I learned to walk on your front porch. Kissed a boy there too. Plucked slivers from my feet and painted my toenails with my cousins on your sunny deck. Tried to tan in mountain sunshine, got burned instead, and have hidden under an umbrella’s shade since surviving melanoma. This year, I introduced my new grandbabies to you. They don’t love you yet, but they will. S’mores will help.
For more than forty years, I’ve done dishes on your back deck with my grandmas and Mom and now my daughters overlooking your cold blue lake. I love how your meals are an outdoor affair. Chipmunks are on your cleanup crew.
Your coffee pots are 50 years old and so are you. I think these dish pans belonged to Grandma Helen half a century ago. They’re battered and worn, have bathed babies, and watered horses. My hands have soaked in them a thousand times over a camp stove’s burning flame.
Your campfires have seared an everlasting image on my heart.
You’ve seen so much of me, and I’ve loved so much of you.
Your quiet mornings and lazy afternoons.
Your starry nights and thundering rain storms.
I’ve gazed out over the snow from your second story window, dug a hole down to your door on a February day. Such a rare thing because you are a summer cabin. We open you in June and close you come September. The mountain roads shut down too and then only snowmobiles can find you. That one year we found you, asleep packed in snow, we woke you up along with the trout and caught so many rainbows we couldn’t carry them all home.
You’ve watched me grow up and I’ve watched my parents grow old beneath your ponderosa pines. Oma and Opa used to raise hell in the meadow playing volleyball with their friends. Now they quietly raise grandchildren in your afternoon shade. Your steep hills and high elevation have become hard on them. They move slower now, but thankfully so do you.
Now that they are old and wise, Oma and Opa teach your ways to the kids, splitting wood before we play. Raking pine needles. Repairing your railings. Opa and his dad, my Grandpa John, built you new. Our sons-in-law are learning how to maintain you as you age.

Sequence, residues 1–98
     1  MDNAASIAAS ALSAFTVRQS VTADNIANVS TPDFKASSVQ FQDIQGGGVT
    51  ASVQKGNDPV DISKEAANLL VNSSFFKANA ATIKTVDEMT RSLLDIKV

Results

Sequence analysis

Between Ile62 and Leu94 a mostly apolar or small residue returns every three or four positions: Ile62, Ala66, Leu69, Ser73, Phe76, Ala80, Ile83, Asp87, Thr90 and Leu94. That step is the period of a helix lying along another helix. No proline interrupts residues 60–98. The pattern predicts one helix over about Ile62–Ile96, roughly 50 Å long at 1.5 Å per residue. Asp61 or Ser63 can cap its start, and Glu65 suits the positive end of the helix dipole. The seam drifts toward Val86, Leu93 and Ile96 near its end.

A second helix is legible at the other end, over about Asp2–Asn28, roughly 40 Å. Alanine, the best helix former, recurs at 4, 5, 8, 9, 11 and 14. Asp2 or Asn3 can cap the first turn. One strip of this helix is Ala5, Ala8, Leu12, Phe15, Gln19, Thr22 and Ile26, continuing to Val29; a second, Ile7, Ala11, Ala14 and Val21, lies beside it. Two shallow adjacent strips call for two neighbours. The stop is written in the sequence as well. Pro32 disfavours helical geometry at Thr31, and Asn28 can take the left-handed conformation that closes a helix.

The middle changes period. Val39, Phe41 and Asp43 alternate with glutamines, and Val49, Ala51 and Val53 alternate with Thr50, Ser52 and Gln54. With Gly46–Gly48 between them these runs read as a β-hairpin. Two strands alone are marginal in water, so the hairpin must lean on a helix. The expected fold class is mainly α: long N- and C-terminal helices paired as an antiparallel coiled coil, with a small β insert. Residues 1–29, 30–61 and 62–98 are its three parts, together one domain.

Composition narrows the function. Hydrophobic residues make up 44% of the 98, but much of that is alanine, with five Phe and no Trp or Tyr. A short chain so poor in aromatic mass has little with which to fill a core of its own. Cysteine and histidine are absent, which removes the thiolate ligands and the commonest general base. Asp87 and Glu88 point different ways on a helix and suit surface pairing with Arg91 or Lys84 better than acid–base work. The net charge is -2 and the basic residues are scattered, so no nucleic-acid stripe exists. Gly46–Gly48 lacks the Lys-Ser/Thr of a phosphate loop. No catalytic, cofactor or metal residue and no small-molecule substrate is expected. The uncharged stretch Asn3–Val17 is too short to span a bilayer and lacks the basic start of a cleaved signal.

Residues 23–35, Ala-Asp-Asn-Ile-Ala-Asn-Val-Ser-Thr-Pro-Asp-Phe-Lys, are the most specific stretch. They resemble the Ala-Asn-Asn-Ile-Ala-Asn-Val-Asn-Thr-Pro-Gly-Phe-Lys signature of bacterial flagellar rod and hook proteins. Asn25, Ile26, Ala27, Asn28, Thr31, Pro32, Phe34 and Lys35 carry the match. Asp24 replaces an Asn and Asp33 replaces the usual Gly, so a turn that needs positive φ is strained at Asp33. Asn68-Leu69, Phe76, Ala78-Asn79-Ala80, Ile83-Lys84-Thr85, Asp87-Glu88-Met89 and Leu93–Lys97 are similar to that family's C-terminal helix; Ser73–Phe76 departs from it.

I was schooled in poker under a kerosene lamp in your living room, your only room besides your loft with eight beds. We kids mastered hide and seek in your meadow, were taught to stack wood under your eves, and learned how to water ski in your deep, clear lake.
Now my sons are learning the same.
We’ve never missed a summer with you. Even when I lived in Germany. I flew home to California and drove three hours just to see you in June. Your endless green meadow and lake where loons dive and afternoon winds rushing through the woods like the sound of the sea.
You are perfect. And so peaceful. A balm for the soul.
Seeing my parents become great-grandparents this year — I realize the ones we love don’t last forever, and neither will you. Someday you will crumble, maybe under the Sierra snowpack. But before this, what would you say to the family who built you? Who has enjoyed you so much? For so long?
“Slow down,” perhaps.
“Don’t work so hard.”
“Come and see me more often.”
“Life is short.”
“Make it sweet.”
“Grill more burgers.”
“Eat more s’mores.”
“When it’s too dry for a bonfire, just sing louder.”
“When the lake is low, run further to the water.”
“Stop and listen to the wind whispering in the pines.”
“And don’t forget, summer is a season.”
“So is grief.”
“Some years are good.”
“Some not so good.”
“But God is always good.”
“Come see me when you can.”
“The chipmunks are here waiting for your food.”